Project description:Innate responses combine with adaptive immunity to generate the most effective form of anti-Aspergillus immune resistance. Whereas the pivotal role of dendritic cells in determining the balance between immunopathology and protective immunity to the fungus is well established, we determined that epithelial cells (ECs) also contributes to this balance. Mechanistically, EC-mediated protection occurred through a Toll-like receptor 3/Toll/IL-1 receptor domain-containing adaptor-inducing interferon (TLR3/TRIF)-dependent pathway converging on indoleamine 2,3-dioxygenase (IDO) via non-canonical nuclear factor-κB activation. Consistent with the high susceptibility of TRIF-deficient mice to pulmonary aspergillosis, bone marrow chimeric mice with TRIF unresponsive ECs exhibited higher fungal burdens and inflammatory pathology than control mice, underexpressed the IDO-dependent T helper 1/regulatory T cell (Th1/Treg) pathway and overexpressed the Th17 pathway with massive neutrophilic inflammation in the lungs. Further studies with interferon (IFN)-γ, IDO or IL-17R unresponsive cells confirmed the dependency of immune tolerance to the fungus on the IFN-γ/IDO/Treg pathway and of immune resistance on the MyD88 pathway controlling the fungal growth. Thus, distinct immune pathways contribute to resistance and tolerance to the fungus, to which the hematopoietic/non-hematopoietic compartments contribute through distinct, yet complementary, roles.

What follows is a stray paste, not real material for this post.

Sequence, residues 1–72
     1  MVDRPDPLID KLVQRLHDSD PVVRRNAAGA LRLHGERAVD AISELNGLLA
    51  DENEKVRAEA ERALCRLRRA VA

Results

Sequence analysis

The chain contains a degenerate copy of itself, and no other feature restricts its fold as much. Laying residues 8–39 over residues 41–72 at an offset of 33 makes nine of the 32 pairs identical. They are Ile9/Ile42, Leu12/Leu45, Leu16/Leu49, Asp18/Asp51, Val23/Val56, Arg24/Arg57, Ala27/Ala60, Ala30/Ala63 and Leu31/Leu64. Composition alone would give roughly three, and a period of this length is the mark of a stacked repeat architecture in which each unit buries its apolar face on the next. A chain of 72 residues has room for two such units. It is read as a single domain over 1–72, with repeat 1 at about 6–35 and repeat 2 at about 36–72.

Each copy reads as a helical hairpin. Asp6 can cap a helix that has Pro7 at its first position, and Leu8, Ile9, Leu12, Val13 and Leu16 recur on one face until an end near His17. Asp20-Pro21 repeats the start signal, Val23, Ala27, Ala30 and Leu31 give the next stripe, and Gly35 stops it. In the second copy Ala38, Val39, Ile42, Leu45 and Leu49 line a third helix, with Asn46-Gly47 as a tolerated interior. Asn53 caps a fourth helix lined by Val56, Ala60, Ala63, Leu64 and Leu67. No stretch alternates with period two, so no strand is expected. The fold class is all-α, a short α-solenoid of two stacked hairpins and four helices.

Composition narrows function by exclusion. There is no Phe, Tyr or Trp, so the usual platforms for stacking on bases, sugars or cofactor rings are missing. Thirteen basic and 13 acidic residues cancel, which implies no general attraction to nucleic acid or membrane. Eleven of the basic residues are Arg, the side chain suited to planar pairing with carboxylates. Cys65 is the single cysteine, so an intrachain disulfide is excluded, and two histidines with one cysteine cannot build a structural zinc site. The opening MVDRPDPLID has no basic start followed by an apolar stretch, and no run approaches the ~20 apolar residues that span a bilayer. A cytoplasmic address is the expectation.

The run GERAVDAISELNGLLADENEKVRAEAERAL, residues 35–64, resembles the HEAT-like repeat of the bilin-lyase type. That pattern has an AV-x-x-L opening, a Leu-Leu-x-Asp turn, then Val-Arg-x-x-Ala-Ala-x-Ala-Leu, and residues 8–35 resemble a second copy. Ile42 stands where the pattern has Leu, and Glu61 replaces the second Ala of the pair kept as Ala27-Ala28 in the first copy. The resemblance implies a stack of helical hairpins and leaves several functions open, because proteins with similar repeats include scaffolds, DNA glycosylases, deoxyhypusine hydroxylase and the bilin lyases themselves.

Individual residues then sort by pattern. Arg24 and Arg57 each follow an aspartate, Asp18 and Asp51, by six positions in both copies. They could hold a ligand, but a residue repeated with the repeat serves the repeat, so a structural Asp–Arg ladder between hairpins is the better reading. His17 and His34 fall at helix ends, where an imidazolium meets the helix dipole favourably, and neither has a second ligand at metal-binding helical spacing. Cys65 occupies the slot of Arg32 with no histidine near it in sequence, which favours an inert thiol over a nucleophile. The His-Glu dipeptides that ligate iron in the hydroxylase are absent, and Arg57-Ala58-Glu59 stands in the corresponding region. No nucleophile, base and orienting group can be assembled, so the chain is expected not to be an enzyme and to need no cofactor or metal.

Project description:Obesity-induced chronic inflammation is associated with metabolic disease. Results from mouse models utilizing a high-fat diet (HFD) have indicated that an increase in activated macrophages, including CD11c<sup>+</sup> adipose tissue macrophages (ATMs), contributes to insulin resistance. Obesity primes myeloid cell production from hematopoietic stem cells (HSCs) and Toll-like receptor 4 (TLR4), and the downstream TIR domain-containing adapter protein-inducing interferon-? (TRIF)- and MyD88-mediated pathways regulate production of similar myeloid cells after lipopolysaccharide stimulation. However, the role of these pathways in HFD-induced myelopoiesis is unknown. We hypothesized that saturated fatty acids and HFD alter myelopoiesis by activating TLR4 pathways in HSCs, differentially producing pro-inflammatory CD11c<sup>+</sup> myeloid cells that contribute to obesity-induced metabolic disease. Results from reciprocal bone marrow transplants (BMTs) with <i>Tlr4</i><sup>-/-</sup> and WT mice indicated that TLR4 is required for HFD-induced myelopoiesis and production of CD11c<sup>+</sup> ATMs. Experiments with homozygous knockouts of <i>Irakm</i> (encoding a suppressor of MyD88 inactivation) and <i>Trif</i> in competitive BMTs revealed that MyD88 is required for HFD expansion of granulocyte macrophage progenitors and that <i>Trif</i> is required for pregranulocyte macrophage progenitor expansion. A comparison of WT, <i>Tlr4</i><sup>-/-</sup>, <i>Myd88</i><sup>-/-</sup>, and <i>Trif</i><sup>-/-</sup> mice on HFD demonstrated that TLR4 plays a role in the production of CD11c<sup>+</sup> ATMs, and both <i>Myd88</i><sup>-/-</sup> and <i>Trif</i><sup>-/-</sup> mice produced fewer ATMs than WT mice. Moreover, HFD-induced TLR4 activation inhibited macrophage proliferation, leading to greater accumulation of recruited CD11c<sup>+</sup> ATMs. Our results indicate that HFD potentiates TLR4 and both its MyD88- and TRIF-mediated downstream pathways within progenitors and adipose tissue and leads to macrophage polarization.